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article imageA mountain lion’s remarkable journey across America

By Martin Laine     Jul 27, 2011 in Environment
DNA tests on a mountain lion struck and killed on a Connecticut highway last month show it originally came from South Dakota. Somehow, over the past two years, it made its way through Wisconsin and Minnesota all the way to Milford, Ct., about 1,500 miles.
“This mountain lion traveled a distance of more than 1,500 miles from its original home in South Dakota – representing one of the longest movements ever recorded for a land mammal and nearly double the distance ever recorded for a dispersing mountain lion,” said Conn. Dept. of Energy and Environmental Protection Commissioner Daniel C. Esty in a department press release issued yesterday.
A flurry of reported sightings began in the Greenwich, Conn., area in early June. Then, in the early morning hours of Saturday, June 11, police were notified that a mountain lion had been struck and killed on the Wilbur Cross Parkway. Wildlife officials speculated that the animal had been domesticated and either escaped or had been released.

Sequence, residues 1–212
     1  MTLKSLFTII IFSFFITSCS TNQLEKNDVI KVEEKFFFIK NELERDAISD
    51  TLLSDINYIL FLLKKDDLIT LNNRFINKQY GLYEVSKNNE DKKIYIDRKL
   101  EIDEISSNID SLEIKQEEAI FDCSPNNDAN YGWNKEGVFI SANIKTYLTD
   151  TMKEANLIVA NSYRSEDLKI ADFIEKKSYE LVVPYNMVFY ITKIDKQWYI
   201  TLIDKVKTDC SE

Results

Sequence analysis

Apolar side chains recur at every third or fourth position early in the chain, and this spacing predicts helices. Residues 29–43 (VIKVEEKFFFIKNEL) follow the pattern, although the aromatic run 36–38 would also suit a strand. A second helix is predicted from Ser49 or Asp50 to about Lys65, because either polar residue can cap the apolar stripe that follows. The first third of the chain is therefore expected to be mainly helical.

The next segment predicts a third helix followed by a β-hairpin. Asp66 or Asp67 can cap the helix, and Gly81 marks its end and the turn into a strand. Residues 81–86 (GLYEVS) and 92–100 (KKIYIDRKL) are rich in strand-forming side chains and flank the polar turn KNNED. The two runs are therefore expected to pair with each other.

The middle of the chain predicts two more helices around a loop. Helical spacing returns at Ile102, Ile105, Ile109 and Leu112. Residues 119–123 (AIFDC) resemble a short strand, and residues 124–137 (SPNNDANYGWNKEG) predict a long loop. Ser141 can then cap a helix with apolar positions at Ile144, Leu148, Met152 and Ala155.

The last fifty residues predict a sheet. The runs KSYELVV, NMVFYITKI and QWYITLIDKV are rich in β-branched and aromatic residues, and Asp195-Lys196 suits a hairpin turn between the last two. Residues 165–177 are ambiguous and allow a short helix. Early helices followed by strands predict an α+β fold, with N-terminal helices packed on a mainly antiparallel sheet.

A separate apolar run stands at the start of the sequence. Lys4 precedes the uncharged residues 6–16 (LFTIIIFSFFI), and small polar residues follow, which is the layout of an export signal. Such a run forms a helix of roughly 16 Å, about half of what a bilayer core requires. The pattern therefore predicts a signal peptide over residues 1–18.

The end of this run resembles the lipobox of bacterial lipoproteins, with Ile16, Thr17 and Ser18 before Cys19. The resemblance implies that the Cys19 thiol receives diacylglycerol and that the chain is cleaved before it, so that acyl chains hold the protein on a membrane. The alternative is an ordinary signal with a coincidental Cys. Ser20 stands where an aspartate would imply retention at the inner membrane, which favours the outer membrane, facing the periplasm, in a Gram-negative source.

In New England, mountain lions are also known as Catamounts or Eastern Panthers. Earlier this spring, the U.S. Fish & Wildlife Service declared the species extinct in New England. However, reports of sightings of mountain lions have occurred sporadically throughout the region, along with the occasional discovery of scat and prints.
Wildlife officials have consistently insisted that there is no evidence of a native population of the large cats in the region.
But the 140-pound male killed in Connecticut adds a new dimension to the debate. The animal had not been declawed or neutered, which is generally done to captive animals. Moreover, the DNA samples from this animal matched those collected from samples collected in blood and scat at several sites in Wisconsin and Minnesota.
Still, Commissioner Esty called the Connecticut mountain lion an “anomaly” and said that there was no indication that other mountain lions from the western states have made it to New England to establish a new native population.
“This is the first evidence of a mountain lion making its way to Connecticut from western states and there is still no evidence indicating that there is a native population of mountain lions in Conecticut,” Esty said.
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